Quitting smoking before pregnancy
Smoking is addictive and harmful. Quitting smoking can help reduce your risk for cancer and other diseases.
Smoking during pregnancy can cause problems for your baby, like premature birth and birth defects. It also increases your baby’s risk for SIDS.
If you’re pregnant, don’t smoke and stay away from secondhand smoke.
If you need help to quit, tell your health care provider. Make a quit plan to keep you on track to help you get and stay smoke-free.
How is smoking harmful to your body?
Cigarettes and cigars are made from tobacco leaves containing a drug called nicotine, which is addicting. Smoke from tobacco contains more than 7,000 chemicals. At least 250 of these are harmful to smokers and nonsmokers. At least 69 of them can cause cancer. Breathing even a little tobacco smoke can be harmful.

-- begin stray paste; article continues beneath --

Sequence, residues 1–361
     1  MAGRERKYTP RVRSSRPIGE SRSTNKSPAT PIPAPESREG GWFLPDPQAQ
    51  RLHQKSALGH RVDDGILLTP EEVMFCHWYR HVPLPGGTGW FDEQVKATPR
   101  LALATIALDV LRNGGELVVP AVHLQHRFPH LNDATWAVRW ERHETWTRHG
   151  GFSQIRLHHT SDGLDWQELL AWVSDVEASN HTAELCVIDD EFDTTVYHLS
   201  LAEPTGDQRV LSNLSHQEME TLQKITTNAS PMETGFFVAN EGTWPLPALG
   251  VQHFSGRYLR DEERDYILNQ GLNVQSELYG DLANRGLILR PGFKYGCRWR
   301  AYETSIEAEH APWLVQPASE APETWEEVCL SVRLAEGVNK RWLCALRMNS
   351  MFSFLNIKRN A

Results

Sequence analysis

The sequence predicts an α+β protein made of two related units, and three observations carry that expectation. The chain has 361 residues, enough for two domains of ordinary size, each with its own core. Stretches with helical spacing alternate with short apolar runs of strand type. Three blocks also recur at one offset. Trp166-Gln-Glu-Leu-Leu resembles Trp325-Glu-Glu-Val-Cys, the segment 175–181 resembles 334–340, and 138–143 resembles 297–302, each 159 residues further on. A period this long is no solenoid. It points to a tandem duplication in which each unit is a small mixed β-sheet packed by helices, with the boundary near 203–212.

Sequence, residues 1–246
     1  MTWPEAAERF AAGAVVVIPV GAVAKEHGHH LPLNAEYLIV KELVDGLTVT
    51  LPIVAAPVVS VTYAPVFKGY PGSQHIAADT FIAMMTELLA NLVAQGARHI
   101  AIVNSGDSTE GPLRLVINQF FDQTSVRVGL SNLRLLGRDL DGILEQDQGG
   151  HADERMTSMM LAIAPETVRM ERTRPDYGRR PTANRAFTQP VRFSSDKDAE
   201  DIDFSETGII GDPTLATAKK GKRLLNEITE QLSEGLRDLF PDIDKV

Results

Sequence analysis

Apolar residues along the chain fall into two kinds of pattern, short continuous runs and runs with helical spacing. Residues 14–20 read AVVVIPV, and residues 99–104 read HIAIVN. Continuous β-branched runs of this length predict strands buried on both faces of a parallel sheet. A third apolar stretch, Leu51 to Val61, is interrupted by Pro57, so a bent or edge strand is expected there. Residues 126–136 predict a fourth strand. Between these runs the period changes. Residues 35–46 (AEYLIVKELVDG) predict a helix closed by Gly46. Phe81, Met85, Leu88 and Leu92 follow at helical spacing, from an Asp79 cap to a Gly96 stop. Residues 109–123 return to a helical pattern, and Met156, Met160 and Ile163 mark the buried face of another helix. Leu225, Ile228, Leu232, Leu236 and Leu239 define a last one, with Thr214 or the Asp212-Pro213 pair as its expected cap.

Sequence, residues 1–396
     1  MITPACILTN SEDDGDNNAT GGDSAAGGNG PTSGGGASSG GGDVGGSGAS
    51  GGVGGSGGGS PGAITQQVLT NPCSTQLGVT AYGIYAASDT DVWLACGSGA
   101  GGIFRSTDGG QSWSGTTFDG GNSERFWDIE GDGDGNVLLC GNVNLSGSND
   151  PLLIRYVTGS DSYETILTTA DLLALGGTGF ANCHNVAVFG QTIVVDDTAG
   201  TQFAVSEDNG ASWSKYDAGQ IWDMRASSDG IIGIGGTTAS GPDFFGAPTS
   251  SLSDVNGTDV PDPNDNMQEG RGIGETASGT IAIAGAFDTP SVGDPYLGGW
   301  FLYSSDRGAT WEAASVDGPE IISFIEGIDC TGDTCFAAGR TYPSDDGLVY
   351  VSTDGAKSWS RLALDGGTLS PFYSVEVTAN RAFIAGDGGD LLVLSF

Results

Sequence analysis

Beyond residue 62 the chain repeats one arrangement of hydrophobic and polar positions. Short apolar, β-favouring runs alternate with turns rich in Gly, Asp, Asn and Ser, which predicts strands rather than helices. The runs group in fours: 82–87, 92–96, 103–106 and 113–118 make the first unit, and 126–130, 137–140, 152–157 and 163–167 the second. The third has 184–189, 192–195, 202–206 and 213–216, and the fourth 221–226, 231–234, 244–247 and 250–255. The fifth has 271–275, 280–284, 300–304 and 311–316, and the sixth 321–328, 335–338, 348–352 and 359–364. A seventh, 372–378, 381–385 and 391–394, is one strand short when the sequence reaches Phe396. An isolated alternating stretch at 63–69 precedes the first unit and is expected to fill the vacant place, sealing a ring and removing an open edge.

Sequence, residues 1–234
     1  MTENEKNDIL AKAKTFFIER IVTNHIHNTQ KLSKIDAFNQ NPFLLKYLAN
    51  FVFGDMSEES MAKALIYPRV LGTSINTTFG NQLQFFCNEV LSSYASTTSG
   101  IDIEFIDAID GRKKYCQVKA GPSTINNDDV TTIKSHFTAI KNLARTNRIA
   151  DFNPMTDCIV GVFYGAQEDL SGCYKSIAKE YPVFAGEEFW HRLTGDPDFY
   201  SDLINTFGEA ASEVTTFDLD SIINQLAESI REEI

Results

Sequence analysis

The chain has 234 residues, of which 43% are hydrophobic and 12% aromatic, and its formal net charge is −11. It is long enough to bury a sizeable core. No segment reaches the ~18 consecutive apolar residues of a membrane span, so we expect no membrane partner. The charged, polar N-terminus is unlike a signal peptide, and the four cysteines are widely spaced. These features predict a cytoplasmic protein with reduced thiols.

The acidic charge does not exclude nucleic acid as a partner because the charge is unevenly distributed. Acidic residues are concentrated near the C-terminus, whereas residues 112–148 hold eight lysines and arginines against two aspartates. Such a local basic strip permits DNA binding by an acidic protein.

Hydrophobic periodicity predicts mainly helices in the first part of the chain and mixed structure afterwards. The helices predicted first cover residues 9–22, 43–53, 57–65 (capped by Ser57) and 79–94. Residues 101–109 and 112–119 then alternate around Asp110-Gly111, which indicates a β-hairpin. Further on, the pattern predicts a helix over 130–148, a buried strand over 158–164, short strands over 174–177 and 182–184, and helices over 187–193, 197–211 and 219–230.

Smoking harms nearly every organ and can cause serious health conditions, including:
- Cancer of the lung, mouth, throat, kidneys and other organs. It also causes cancer of the blood (also called leukemia).
- Heart disease and lung disease
- Gum disease
- Eye problems that can lead to blindness
How can smoking harm your pregnancy?
If you smoke during pregnancy, you’re more likely than nonsmokers to have:
- Preterm labor
- Ectopic pregnancy
- Bleeding from the vagina
- Problems with the placenta, like placental abruption and placenta previa
How can smoking affect your baby?